Diamine Damson is the color a ninja fruit would wear when trying to sneak into an orchard under the cover of darkness. Named for fruit it resembles, Damson is a dark, dusky plum that turns nearly black when used in a wet-writing pen. In a dry-writing pen, it produces a washed-out gray-purple line. It’s a moderately saturated ink - neither as rich as other Diamine inks, like Imperial Purple, or as light as J. Herbin Poussiere de Lune, which it closely resembles. When written with a broad nib, Damson produces some nice shading, but delivers a fairly consistent line in a fine nib.
Drying time is well within the realm of acceptability: on Rhodia paper, it was dry to the touch in 8 seconds, while on Staples Bagasse and cheap copier paper, it dried in 3 seconds. Feathering, too, I had no trouble with when using an extra-fine nib; the ink exhibited low feathering relative to each of the papers on which I tested it.
Purple, at least in the United States, isn’t typically considered a standard ink color. Our conservative business standards are boring blue and black. Diamine Damson, though, is subtle and subdued enough that you might be able to get away with it - particularly in a wet-writing pen, like the Visconti Homo Sapiens. When used with an instrument of that sort, the color is nearly indistinguishable from black at first glance.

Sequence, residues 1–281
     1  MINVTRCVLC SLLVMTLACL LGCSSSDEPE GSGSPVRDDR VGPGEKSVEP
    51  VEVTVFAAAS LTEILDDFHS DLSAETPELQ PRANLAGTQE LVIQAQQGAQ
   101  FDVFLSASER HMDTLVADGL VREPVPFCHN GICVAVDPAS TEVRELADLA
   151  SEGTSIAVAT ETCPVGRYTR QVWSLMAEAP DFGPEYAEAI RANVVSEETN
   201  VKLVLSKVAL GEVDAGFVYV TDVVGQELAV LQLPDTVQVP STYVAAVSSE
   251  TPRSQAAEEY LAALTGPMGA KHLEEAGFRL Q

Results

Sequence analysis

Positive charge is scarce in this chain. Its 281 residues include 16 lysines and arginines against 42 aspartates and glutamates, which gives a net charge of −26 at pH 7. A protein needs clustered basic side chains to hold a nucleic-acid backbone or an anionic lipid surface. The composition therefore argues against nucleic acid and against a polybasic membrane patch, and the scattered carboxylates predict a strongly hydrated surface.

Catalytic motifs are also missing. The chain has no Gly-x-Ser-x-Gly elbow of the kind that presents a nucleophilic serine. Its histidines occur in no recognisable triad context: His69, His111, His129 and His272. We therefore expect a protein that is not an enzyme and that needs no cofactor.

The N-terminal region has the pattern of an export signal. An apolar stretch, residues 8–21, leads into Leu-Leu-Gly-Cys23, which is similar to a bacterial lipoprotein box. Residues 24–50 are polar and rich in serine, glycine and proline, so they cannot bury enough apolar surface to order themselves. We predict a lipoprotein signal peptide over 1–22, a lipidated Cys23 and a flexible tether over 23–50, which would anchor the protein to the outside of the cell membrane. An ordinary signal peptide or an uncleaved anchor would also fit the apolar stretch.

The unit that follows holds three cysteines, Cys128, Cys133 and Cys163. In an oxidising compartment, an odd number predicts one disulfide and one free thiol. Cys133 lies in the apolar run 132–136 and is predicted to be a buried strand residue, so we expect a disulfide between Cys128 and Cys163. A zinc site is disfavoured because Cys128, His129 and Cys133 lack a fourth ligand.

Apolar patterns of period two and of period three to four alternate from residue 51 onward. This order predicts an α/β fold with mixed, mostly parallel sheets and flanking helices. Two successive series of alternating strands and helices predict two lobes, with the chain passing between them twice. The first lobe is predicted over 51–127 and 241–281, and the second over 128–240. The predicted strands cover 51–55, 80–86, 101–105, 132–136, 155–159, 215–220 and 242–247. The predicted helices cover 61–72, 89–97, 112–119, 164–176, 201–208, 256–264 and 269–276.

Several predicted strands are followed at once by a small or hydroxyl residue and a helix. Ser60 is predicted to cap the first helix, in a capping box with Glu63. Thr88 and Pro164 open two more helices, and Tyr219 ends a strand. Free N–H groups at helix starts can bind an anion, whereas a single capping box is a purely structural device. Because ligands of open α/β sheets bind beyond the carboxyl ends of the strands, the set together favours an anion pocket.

Diamine inks are available in a 30ml plastic bottle, which is utilitarian in appearance, and an 80ml glass bottle, which is slightly less so. The smaller plastic bottle has a neck that is very small in diameter. I found that some of my larger pens, like a Lamy 2000, would not fit all the way in, which made getting to the ink a bit of a challenge. My recommendation would be to go for the larger bottle.
Damson is an interesting ink that behaves well on a variety of paper - something I’ve come to expect from Diamine inks. While it’s not quite vibrant enough to make it into my daily rotation of inks, I could certainly see it being exactly what someone in a more conservative business environment is looking for. If that describes you, then consider this a recommendation.
Review notes: I used a Pilot Parallel 3.8mm pen with a steel nib for the widest lines, a Lamy Joy Safari with a 1.9mm steel nib for the medium lines, and a Lamy Safari with an EF steel nib for the narrow lines. The paper is bright white 80 gsm from a Rhodia Bloc No 18.